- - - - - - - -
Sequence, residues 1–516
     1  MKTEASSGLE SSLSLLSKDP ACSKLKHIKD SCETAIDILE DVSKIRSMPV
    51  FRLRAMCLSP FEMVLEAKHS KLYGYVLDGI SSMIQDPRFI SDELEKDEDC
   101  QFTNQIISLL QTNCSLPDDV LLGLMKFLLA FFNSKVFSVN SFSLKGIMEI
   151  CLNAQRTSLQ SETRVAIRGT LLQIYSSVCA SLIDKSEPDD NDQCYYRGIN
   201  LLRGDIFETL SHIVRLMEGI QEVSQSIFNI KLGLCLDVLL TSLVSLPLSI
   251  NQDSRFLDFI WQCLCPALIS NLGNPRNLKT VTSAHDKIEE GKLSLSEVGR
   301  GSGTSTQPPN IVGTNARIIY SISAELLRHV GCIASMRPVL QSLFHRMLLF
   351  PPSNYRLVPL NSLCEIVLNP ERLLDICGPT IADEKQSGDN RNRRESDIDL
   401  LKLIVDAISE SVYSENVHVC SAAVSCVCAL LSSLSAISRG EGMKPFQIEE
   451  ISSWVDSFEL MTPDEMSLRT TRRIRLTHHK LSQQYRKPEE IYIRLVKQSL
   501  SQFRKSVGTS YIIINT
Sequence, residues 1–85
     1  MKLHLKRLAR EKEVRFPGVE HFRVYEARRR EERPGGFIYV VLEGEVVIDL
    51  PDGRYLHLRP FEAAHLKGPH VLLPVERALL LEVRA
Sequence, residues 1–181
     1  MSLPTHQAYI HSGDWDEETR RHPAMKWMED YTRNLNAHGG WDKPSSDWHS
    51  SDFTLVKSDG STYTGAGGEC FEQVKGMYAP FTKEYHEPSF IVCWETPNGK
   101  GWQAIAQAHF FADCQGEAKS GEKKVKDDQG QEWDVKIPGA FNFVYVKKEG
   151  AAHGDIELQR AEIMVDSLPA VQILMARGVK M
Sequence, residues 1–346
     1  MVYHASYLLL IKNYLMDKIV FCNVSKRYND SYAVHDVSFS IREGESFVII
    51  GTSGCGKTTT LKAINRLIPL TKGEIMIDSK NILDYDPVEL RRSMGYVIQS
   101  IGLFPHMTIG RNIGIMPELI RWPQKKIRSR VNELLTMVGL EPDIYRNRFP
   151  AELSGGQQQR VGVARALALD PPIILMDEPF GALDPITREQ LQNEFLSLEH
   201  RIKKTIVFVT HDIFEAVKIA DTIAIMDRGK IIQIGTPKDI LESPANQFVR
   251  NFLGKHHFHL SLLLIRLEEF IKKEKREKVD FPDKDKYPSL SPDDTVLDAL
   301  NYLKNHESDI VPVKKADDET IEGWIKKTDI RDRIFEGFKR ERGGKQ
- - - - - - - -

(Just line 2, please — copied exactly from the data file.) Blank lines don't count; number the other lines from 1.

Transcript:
     1  MKTEASSGLE SSLSLLSKDP ACSKLKHIKD SCETAIDILE DVSKIRSMPV